• The speaker is elected generally in the very first meeting of the Lok Sabha following general elections.
  • Serving for a term of five years, the speaker chosen from sitting members of the Lok Sabha (House of the People), and is by convention a member of the ruling party or alliance.

Election

  • Newly elected MPs from the Lok Sabha elect the Speaker among themselves.
  • It is desired Speaker should be someone who understands Lok Sabha functions and it is someone accepted among the ruling and opposition parties.
  • MP’s propose a name to Pro tem speaker. These names are notified to President of India. President through their aid Secretary- General notifies the election date. If only one name is proposed, Speaker is elected without any formal vote.
  • However, if more than 1 nomination are received, a division (vote) is called.
  • MPs vote for their candidate on such date notified by President. Successful candidate is elected as Speaker of the Lok Sabha until next general election

Powers and Functions

  • The Speaker of the Lok Sabha conducts the business in house; and decides whether a bill is a money bill or not.
  • She/he maintains discipline and decorum in the house and can punish a member for their unruly behaviour by suspending them.
  • She/he also permit the moving of various kinds of motions and resolutions such as a motion of no confidence, motion of adjournment, motion of censure and calling attention notice as per the rules.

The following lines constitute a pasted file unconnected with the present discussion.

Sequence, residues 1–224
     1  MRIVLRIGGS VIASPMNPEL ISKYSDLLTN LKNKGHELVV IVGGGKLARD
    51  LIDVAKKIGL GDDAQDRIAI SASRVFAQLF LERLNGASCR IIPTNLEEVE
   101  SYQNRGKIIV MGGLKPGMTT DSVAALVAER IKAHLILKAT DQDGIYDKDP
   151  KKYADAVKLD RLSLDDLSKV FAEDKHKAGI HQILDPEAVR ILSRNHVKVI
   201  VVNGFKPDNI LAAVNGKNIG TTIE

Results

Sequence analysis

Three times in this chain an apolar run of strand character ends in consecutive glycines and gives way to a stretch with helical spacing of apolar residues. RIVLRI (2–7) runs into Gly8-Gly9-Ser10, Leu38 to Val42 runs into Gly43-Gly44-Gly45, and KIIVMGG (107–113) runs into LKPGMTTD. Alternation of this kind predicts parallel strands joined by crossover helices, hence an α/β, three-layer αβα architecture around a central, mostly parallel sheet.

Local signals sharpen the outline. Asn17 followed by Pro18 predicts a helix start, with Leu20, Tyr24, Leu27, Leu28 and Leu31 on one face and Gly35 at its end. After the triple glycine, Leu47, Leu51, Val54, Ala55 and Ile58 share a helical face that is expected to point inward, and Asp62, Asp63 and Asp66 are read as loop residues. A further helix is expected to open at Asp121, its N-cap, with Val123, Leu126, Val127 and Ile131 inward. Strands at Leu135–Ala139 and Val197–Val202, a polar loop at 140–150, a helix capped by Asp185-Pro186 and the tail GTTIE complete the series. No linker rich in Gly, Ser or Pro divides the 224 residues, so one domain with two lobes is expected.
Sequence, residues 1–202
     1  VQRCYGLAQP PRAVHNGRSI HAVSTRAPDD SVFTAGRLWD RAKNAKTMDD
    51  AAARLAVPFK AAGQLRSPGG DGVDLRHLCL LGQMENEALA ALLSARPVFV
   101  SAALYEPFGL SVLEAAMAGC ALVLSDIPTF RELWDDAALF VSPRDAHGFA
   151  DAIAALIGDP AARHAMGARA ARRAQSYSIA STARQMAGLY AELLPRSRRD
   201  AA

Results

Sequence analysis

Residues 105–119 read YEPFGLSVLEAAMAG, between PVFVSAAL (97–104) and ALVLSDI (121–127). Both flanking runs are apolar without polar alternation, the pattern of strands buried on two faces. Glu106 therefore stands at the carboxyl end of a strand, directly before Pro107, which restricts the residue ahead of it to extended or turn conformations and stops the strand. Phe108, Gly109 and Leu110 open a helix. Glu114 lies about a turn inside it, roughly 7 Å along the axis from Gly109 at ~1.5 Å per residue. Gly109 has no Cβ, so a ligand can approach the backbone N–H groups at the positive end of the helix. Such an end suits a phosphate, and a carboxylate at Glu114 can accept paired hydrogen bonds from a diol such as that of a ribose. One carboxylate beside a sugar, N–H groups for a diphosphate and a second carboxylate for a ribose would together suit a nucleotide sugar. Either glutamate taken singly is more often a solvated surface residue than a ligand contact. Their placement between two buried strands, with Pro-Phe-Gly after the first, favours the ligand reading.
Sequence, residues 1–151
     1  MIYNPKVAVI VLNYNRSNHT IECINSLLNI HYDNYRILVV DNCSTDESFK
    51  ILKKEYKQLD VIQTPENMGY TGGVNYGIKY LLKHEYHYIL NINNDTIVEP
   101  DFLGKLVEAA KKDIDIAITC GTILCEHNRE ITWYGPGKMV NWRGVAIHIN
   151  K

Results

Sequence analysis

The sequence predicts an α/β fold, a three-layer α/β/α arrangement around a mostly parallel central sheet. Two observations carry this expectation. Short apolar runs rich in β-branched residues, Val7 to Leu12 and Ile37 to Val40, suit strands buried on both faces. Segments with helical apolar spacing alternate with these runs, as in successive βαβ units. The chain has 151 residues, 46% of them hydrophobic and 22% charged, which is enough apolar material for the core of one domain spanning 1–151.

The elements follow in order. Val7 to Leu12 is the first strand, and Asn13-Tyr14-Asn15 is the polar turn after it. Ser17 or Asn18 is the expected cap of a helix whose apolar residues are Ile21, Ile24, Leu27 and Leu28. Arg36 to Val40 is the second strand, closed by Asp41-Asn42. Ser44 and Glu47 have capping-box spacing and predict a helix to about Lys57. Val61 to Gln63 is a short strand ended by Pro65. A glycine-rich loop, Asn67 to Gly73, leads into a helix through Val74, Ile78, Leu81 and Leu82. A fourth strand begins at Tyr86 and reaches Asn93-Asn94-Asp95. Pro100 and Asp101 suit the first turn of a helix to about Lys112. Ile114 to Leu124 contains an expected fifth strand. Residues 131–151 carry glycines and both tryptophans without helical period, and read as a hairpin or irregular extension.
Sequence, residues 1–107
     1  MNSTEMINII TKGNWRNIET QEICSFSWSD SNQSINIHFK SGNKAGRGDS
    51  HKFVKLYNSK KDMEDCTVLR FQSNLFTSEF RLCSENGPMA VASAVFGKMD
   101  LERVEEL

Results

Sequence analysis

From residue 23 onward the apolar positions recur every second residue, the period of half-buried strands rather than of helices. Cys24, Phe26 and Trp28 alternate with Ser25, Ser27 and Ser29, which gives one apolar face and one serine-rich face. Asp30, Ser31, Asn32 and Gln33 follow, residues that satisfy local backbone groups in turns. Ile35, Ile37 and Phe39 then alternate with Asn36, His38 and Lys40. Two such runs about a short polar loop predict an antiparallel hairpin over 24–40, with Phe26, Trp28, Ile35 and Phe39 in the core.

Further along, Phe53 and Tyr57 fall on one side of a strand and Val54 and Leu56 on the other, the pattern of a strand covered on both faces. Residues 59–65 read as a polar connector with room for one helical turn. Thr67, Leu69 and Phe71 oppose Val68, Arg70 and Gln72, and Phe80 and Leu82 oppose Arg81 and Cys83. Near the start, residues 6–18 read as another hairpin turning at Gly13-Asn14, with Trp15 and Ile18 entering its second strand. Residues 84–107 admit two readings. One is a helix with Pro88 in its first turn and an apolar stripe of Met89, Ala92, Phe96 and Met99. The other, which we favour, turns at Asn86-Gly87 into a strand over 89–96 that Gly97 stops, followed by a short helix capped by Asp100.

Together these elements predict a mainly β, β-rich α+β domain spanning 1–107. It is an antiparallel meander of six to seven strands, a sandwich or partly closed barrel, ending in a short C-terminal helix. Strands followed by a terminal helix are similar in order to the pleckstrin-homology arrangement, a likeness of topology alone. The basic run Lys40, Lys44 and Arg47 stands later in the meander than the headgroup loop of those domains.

• The Speaker decides on the agenda to be taken up for discussion during the meeting.
  • Further, all comments and speeches made by members of the House are addressed to the Speaker.
  • The Speaker also presides over the joint sitting of both houses of the Parliament of India.

Removal from office

  • Speaker can be removed by the Lok Sabha by a resolution passed by an effective majority (>50% of total strength excluding vacancies) of the house as per Articles 94 (vacation) and 96 (resolution for removal).
  • Speaker is also removed on getting disqualified for being Lok Sabha member under sections 7 and 8 of Representation of the People Act, 1951.
  • This would arise out of speaker’s wrong certification of a bill as money bill inconsistent with the definition given in Articles 110 of the constitution.
  • When courts uphold the unconstitutional act of the speaker for wrong certification of a bill as money bill, it amounts to disrespecting the constitution deserving conviction under Prevention of Insults to National Honour Act, 1971.
  • It is applicable for disqualification of speaker’s Lok Sabha membership under section 8K of Representation of the People Act, 1951.
  • However the omissions in the procedure committed by the speaker in the Lok Sabha can not be challenged in court of law per Article 122.

 


Also read:

 

Chairman of Rajya Sabha

  • The counterpart of the Speaker in the Rajya Sabha (Council of the States) is its Chairperson; the Vice President of India is the ex-officio chairperson of the Rajya Sabha.
  • On the order of precedence, the Speaker of Lok Sabha ranks sixth, along with the Chief Justice of India. The Speaker is answerable to the House.
  • Both the Speaker and Deputy Speaker may be removed by a resolution passed by the majority of the members.
Parliament – Sessions, Procedures, Motions, Committees etc

Explained: Appointment of the Pro-tem SpeakerPriority 1

Note4Students

From UPSC perspective, the following things are important :